How Panama's Felipe Baloy Achieved Soccer Legend Status

By Tarik Fayad

Felipe Baloy is no stranger to pressure. Having started his professional soccer career 19 years ago, at the age of 18, Baloy has made just shy of 600 appearances as a defender. In that time, the 6 foot 1 Panamanian has made the rounds, playing for teams in Brazil, Colombia, and Mexico, where he became the first ever Panamanian-born player to win the First Division championship, all while trotting across the globe to represent his country in more than 100 international matches for La Marea Roja.

So, when Baloy pulled on the captain’s armband in the 69th minute of Panama’s second-ever World Cup match against England last Sunday, all of Panama expected something, anything. Baloy delivered sensationally. Just nine minutes after taking the field, the 37-year-old footballer played off a fantastic free-kick to slide the ball home. That feat not only made him the fourth oldest player to score in World Cup history, but also the first-ever goal for Panama. In a single strike, just days before his announced retirement, Baloy managed to dwarf England’s six-point lead, exceed all of Panama’s expectations, and deliver one of the happiest moments in his country’s sporting history since qualifying for their first World Cup earlier this year.

We recently caught up with the brand-new legend and father of two to talk music, training, personal style, and how he deals with pre-game jitters.

How does it feel to represent your country in the World Cup?

For me, it’s a matter of great pride and pleasure to be able to represent my country. That was a dream that could be fulfilled thanks to many years of work.

What is your training regimen the day before?

Before a game the training is quite light, we mostly work out details of what we’ve done during the week.

What is your warm-up like on game day?

Everything depends on the physical trainer, usually they are short and demanding warm-ups.

What do you listen to before a big match?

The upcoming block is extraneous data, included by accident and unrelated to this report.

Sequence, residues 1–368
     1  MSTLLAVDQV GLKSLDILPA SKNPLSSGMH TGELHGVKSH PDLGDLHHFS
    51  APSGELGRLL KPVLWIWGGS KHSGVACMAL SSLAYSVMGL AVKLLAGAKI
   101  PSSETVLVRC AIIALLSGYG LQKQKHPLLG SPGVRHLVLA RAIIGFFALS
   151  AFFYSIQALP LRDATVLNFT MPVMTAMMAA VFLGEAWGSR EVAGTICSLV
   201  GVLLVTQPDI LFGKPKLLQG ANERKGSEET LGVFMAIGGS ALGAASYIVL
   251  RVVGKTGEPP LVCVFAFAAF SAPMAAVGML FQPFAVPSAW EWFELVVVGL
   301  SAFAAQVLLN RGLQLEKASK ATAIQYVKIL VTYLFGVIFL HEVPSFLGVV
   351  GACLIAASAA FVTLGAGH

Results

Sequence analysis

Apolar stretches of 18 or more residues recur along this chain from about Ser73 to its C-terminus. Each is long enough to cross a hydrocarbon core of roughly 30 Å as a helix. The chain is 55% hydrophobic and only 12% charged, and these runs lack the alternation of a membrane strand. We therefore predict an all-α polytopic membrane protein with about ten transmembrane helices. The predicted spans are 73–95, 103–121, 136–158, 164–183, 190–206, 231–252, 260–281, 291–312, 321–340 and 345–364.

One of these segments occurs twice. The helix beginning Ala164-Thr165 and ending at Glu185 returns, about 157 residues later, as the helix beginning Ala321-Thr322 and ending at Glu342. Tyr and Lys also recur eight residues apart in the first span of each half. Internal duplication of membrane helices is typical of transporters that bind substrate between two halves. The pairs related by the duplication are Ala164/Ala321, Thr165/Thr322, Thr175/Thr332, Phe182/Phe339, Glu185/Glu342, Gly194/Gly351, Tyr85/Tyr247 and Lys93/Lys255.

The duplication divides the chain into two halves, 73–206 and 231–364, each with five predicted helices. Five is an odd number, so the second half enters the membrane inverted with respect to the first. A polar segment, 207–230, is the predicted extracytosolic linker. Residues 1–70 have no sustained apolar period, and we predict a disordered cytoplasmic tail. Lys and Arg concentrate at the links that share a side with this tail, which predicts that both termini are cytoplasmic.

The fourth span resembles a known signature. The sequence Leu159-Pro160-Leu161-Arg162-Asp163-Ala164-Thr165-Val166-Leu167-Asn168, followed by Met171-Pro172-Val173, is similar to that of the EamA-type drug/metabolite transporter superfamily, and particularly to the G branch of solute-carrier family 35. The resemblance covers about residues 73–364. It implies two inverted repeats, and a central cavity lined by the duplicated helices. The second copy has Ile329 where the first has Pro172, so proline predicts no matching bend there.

We usually listen to music of all kinds in the locker room. I personally like salsa and reggaeton.

What goes through your mind as you’re walking onto the field?

Happiness, to be able to do and enjoy what I like.

believe-in-your-talent-and-fight-for-your-dreams-do-not-lower-your-arms-in-the-face-of-adversity

Who gives you the best pep talk?

I think that just the fact of being a soccer player and playing on your national team is motivating, but there are always people who are important and their words are an added incentive.

Are there any rituals you repeat before big matches or totems you carry?

No, I just pray and I talk to my wife before each game.

How do you handle nerves?

Just listening to music and talking to my family

What was your first professional soccer match like?

It was something spectacular, the feeling of having achieved something you dreamed of as a child is indescribable.

What does it take to be a good team leader?

I believe that having the ability to help and support your teammates at all times is key, that they can trust you on and off the field.  Inspiring confidence in your teammates, having decision-making skills, passion and professionalism are also crucial.

How important is personal style to you? Describe your personal style.

It’s very important. I think that each person must have a marked style of their own. I consider my style simple or casual, but I’m always open to other options as fashions change.

What are your style essentials?

Personality, authenticity, atmosphere.

Who inspires you off the field?

My family.

What’s your best advice for up-and-coming soccer players?

Believe in your talent and fight for your dreams. Do not lower your arms in the face of adversity. Work hard every single day.

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